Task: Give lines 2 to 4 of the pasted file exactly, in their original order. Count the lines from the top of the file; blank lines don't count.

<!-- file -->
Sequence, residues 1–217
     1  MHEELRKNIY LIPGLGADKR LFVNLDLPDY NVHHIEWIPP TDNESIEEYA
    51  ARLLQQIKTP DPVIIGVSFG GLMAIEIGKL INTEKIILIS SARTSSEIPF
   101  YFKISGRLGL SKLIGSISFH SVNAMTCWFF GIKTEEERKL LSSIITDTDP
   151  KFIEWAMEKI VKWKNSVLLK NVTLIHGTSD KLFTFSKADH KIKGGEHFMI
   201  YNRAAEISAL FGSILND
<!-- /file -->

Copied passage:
     1  MHEELRKNIY LIPGLGADKR LFVNLDLPDY NVHHIEWIPP TDNESIEEYA
    51  ARLLQQIKTP DPVIIGVSFG GLMAIEIGKL INTEKIILIS SARTSSEIPF
   101  YFKISGRLGL SKLIGSISFH SVNAMTCWFF GIKTEEERKL LSSIITDTDP